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Anti-Austerity in Canada

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74 Canadian anti-austerity economists speak out!

From Larry Kazdan, Vancouver BC

A contingent of over 70 economists from over 31 universities has published a statement strongly urging the federal government to stop implementing fiscal austerity measures just to achieve its political goal of budgetary balance by 2015. The statement points out that today's policies are similar to those of the 1930s when the economy was stagnant and unemployment high but that federal deficits were not problematic during the war period following when unemployment dramatically declined and the economy rebounded. British politician Tony Benn once stated it very well:  "If you can have full employment by killing Germans, why can't we have it by building hospitals, schools, recruiting nurses and teachers?  If you can find money to kill people, you can find money to help people." It's time for more Canadians to challenge tight-fisted Conservative fiscal policies which are leading us into economic quagmire.

1. The Statement by 74 Canadian Economists Against Austerity

READ THE STATEMENT (below) and at: www.progressive-economics.ca/2014/02/11/economists-against-austerity/
“We, the undersigned, strongly urge the federal government to stop implementing fiscal austerity measures just to achieve its political goal of budgetary balance by 2015…”

2. Carol Goar article:  Worried economists tell Flaherty to stop starving the economy
READ IN FULL AT LINK: http://tinyurl.com/TSgoar70econ “Can Canada afford a government that disinvests in the public sector at a time when the private sector is not providing the growth or job creation the country needs? … The nation could certainly use some fresh thinking and the opposition parties could use some spine-stiffening advice.”
: lkazdan [at] gmail.com

Anti-Austerity Statement by 74 Canadian Economists

Ottawa, February 11th, 2014 We, the undersigned, strongly urge the federal government to stop implementing fiscal austerity measures just to achieve its political goal of budgetary balance by 2015. Since the mid-1990s, we have witnessed an era during which, under the influence of the same economists who had also advised the deregulation of the financial sector in the US, Canada, and other G20 countries, government policies brought the international economy to the edge of economic meltdown in 2008. After initially implementing a series of necessary fiscal stimulus measures to prevent the Canadian economy from slumping into depression, the current government did a policy U-turn and, at the time of the G20 Summit in Toronto in 2010, decided to go back to the pre-2008 era of targeting balances and budgetary surpluses. This turnaround occurred despite the fact that employment rates remained, and continue to stagnate, below pre-recession levels. We believe that such austerity policy is terribly misguided. Not only are cuts in government spending completely inappropriate in the current context, but also the primary macroeconomic concern of the federal government ought to be the achievement of high levels of incomes and full employment for all Canadians, rather than the attainment of an elusive political target of budgetary balance that condemns the Canadian economy to remain stuck in a state of long-term stagnation. Unlike the countries of the Eurozone, as a sovereign country with its own national currency and a floating exchange rate, Canada faces none of the constraints on spending that prevent Eurozone governments from engaging in deficit-spending to stabilize their economies. At a time when growth rates remain low and unemployment high, and with a world economy facing mounting uncertainties not seen since the 1930s, the government must pursue deficit spending, at least for a while, especially in the form of public investment, whose effect will be to repair private sector balance sheets and spur on private sector growth. A sustained and forceful investment effort on the part of the government would induce the private sector to follow suit. Cutbacks, by contrast, would create further uncertainty for many Canadian households and businesses and dampen economic activity. The prime minister gave a speech (in November 2008) affirming that he was once studying to become an economics professor with interests in macroeconomic theory, political economy and economic history. It would seem unwise not to learn the lessons of history. Economic history teaches that the current fiscal behaviour, which characterized government policy of the 1930s, merely placed the Canadian and world economy on the path of stagnation throughout that era prior to the Second World War. During the war years, fiscal deficits no longer seemed to be a problem and the Canadian economy quickly restarted. It is time to pursue pro-growth policies and not fiscal austerity. Low interest rates by themselves were not enough to stimulate growth during the 1930s and they are not enough to guarantee strong growth today. What is needed is a rise, not cuts, in public spending and the abandonment of the ideology of austerity.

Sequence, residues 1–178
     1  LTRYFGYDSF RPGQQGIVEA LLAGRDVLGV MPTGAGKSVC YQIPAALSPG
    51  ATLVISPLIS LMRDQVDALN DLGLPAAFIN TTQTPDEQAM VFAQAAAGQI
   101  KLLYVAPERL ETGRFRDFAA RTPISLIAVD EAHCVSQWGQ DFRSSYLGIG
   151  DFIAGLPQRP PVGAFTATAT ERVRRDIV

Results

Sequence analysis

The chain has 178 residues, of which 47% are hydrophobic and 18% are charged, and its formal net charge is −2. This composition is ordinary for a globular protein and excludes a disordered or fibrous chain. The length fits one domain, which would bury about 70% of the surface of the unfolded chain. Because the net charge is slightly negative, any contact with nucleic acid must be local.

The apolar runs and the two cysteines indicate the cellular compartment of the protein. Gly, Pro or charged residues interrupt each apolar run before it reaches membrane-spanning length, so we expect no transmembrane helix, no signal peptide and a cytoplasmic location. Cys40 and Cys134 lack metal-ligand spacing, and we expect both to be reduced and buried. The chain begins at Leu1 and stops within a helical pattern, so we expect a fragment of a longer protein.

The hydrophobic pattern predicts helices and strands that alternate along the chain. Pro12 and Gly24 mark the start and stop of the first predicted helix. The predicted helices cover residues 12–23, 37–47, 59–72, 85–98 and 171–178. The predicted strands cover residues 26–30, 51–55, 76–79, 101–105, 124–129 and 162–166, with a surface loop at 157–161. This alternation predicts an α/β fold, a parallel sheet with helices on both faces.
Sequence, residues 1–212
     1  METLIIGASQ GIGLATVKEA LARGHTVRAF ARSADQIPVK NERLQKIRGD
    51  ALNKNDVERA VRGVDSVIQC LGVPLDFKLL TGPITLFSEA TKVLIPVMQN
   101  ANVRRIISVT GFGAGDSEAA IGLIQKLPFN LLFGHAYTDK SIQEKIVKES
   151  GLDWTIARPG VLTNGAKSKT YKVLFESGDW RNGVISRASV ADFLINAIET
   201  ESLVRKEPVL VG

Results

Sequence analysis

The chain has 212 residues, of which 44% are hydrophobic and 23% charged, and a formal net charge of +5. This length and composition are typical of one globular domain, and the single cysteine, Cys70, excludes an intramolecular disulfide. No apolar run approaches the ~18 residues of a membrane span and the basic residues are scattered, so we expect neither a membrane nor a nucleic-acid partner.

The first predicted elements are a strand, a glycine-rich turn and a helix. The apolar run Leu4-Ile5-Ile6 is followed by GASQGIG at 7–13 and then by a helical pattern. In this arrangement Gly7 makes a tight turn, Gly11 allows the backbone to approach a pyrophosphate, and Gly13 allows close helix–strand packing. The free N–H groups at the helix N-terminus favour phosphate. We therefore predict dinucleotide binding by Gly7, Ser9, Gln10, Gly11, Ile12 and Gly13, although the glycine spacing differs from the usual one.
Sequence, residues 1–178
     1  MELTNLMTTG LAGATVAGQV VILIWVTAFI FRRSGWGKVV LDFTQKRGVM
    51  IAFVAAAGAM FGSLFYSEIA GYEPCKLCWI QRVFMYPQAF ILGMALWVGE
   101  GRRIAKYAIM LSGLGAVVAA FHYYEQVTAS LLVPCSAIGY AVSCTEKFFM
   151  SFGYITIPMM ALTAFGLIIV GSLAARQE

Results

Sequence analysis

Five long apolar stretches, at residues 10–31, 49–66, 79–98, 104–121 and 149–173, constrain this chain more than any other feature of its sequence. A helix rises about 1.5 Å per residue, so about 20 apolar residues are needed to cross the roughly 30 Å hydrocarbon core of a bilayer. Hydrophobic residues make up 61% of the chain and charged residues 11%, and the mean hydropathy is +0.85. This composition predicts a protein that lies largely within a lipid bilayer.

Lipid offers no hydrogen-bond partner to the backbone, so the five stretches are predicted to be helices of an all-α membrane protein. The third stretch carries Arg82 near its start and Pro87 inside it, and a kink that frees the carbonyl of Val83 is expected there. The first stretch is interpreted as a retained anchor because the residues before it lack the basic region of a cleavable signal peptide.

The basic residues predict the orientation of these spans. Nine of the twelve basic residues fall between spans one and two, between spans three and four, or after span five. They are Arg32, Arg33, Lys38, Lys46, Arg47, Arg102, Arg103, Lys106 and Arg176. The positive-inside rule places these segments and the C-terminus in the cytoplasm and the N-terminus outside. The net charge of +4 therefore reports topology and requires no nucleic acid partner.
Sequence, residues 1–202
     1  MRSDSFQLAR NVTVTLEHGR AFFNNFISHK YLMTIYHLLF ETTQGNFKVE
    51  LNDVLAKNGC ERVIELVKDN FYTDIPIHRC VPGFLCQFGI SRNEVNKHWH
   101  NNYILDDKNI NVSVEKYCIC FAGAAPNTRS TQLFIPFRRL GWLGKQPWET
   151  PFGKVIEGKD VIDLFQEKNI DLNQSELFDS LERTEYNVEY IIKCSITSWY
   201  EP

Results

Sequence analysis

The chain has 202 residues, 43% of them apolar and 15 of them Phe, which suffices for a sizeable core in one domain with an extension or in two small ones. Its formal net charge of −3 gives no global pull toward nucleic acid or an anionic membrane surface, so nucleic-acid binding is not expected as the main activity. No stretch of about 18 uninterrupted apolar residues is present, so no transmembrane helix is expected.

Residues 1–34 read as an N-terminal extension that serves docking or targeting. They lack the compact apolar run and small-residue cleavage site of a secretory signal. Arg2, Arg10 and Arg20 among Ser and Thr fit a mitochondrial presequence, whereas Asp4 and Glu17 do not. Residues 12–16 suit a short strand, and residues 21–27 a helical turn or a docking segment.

Contacts: Louis-Philippe Rochon (lprochon2003 [at] yahoo.com) Tel.: 647-505-1976;  or:
Mario Seccareccia (Mario.Seccareccia [at] uOttawa.ca)
Tel.: 613-562-5800 x 1691.

[Received from Larry Kazdan CGA, Vancouver]

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